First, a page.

Irene Papas - Details


A gigantic figure of the Greek stage and cinema, Irene Papas plays the robust mother of a freedom fighter.
Irene Papas is the modern embodiment of classic Greek plays, her great tragic face so fiercely beautiful that it limited her roles in Hollywood movies. Still, she is well remembered from Zorba the Greek (1964) and Guns of Navarone, The (1961) as well as Brotherhood, The (1968), Power and the Prize, The (1956) and Anne of the Thousand Days (1969).
Her appearance in the 1969 Academy Award winner, Z (1969), directed by her fellow Greek-in-exile, Costa-Gavras, was as much political statement as performance. Papas lived outside her native land during much of the 1960s and 1970s. The name "Irene" is the Greek word for peace.
Papas' lasting glory as an actress comes from her modern interpretations of the plays of Aeschylus, Sophocles and Euripides in Greece and other European countries, and also in the United States. Here, she appeared in Iphigenia in Aulis in 1967 off-Broadway; in Medea in 1975 at the Circle in the Square and at the same venue in 1980 in The Bacchae. Each production was treated as a major theatrical event by critics and theater-goers. She also appeared on Broadway in 1966 opposite Jon Voight in That Summer-That Fall.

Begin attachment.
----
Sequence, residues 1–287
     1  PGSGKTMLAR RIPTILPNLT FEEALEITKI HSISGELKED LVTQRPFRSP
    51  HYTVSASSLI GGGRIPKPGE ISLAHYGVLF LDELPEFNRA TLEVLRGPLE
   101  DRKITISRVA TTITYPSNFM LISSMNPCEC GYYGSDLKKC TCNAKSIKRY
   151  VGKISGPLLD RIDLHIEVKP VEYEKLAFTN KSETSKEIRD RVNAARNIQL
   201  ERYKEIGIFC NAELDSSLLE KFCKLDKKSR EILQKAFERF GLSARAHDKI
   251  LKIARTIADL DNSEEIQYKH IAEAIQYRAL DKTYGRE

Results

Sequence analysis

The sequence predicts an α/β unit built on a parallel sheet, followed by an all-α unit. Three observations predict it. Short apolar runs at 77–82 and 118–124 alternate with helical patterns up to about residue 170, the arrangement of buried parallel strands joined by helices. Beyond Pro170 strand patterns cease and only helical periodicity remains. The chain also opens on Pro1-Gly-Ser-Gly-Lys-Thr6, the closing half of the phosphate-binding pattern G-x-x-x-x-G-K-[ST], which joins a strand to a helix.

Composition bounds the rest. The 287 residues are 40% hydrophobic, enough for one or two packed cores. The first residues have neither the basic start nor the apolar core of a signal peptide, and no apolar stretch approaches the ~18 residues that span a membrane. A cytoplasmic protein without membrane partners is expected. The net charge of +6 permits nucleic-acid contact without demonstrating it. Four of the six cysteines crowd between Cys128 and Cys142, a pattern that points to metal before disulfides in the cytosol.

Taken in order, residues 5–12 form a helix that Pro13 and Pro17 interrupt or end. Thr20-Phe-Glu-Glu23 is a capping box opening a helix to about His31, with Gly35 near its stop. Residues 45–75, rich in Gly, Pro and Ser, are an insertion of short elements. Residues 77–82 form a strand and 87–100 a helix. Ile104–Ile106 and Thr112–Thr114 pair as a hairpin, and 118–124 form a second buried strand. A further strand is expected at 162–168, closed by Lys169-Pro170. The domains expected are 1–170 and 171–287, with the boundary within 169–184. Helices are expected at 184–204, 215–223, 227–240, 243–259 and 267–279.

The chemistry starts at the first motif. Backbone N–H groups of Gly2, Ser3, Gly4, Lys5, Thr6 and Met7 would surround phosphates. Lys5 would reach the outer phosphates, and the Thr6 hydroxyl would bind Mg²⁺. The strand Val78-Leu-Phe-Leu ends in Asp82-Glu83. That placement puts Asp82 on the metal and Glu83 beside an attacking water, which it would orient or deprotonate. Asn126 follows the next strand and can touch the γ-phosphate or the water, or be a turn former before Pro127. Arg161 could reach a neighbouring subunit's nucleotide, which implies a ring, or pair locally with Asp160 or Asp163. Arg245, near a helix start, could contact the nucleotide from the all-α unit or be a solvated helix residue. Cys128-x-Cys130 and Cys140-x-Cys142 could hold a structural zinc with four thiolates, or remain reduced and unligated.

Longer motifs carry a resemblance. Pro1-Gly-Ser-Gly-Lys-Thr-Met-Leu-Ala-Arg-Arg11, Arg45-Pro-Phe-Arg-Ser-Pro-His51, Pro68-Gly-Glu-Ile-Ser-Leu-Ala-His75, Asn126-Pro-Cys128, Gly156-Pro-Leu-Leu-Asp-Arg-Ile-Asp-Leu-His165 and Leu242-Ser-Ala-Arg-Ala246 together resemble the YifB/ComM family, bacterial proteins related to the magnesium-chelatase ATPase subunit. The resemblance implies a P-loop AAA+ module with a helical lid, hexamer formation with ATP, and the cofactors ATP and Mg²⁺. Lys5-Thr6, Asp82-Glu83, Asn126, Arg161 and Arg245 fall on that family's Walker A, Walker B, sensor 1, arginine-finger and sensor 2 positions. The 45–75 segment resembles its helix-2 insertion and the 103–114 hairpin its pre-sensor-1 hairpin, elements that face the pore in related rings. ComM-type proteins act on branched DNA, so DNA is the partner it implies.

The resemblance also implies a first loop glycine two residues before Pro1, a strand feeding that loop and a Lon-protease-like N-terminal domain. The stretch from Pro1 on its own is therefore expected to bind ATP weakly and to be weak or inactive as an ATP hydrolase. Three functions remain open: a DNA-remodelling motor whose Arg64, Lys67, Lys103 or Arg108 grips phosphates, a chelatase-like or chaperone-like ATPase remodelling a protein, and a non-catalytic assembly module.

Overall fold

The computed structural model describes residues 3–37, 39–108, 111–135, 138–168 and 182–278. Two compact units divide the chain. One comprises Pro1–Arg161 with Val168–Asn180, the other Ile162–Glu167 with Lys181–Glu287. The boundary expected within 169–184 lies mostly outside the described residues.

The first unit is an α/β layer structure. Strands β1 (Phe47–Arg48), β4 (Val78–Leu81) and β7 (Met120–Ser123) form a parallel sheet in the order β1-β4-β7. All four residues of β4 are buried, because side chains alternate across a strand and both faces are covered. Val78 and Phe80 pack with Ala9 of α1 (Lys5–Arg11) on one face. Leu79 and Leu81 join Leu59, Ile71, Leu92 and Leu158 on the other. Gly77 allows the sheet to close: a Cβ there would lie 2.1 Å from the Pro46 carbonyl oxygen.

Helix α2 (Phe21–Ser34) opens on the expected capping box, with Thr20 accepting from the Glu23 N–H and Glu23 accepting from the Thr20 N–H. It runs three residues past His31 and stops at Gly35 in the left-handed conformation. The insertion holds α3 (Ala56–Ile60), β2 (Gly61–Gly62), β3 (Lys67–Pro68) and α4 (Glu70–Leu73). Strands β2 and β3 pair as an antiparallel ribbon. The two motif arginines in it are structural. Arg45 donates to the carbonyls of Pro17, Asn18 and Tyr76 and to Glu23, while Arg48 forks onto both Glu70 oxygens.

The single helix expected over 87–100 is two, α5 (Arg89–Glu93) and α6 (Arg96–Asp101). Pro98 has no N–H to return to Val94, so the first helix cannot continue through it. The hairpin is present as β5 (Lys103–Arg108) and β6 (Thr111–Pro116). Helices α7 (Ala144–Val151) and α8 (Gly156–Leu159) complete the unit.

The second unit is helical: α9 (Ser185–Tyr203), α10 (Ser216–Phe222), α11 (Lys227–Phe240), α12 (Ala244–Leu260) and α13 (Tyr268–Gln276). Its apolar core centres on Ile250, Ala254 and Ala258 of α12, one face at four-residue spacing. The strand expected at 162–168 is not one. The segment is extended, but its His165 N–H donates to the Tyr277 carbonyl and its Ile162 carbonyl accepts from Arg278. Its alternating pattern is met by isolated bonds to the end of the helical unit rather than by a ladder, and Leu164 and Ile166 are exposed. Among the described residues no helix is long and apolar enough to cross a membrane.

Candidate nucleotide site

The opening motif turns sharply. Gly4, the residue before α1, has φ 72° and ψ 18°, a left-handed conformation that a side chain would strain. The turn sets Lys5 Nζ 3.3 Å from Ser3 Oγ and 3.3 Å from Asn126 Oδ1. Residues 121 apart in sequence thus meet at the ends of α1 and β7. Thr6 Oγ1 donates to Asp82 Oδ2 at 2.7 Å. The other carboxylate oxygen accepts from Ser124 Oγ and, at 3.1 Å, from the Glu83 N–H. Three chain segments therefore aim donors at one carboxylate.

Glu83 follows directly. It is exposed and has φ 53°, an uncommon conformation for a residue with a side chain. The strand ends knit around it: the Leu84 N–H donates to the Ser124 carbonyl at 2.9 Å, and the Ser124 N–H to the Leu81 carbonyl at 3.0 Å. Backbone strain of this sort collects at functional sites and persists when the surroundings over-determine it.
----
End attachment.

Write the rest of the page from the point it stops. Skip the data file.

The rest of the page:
Film-goers around the world know her best from a handful of film adaptations of the Greek classics made between 1962 and 1979: Antigone, Electra, The Trojan Women, and Iphigenia.
Irene Papas was born in a small village near Corinth to schoolteachers. Her mother, Eleni, awakened her imagination with fairy tales and her father, a teacher of classical drama, nurtured and shaped her aesthetics. As a child she made dolls from sticks and rags, changing the black kerchiefs as appropriate to her own personally-directed dramas.
Papas received classic training at the National School of Dramatic Arts in Athens from age 15, and started her career as a singer-dancer in variety shows. Soon she was a well-known actress, working at the Popular Theatre of Greece. In time, she came to believe that the typically stilted presentations of Greek classics were not only tedious but probably not how they were originally performed. She evolved a more naturalistic, conversational style of acting which made her performances all the more riveting.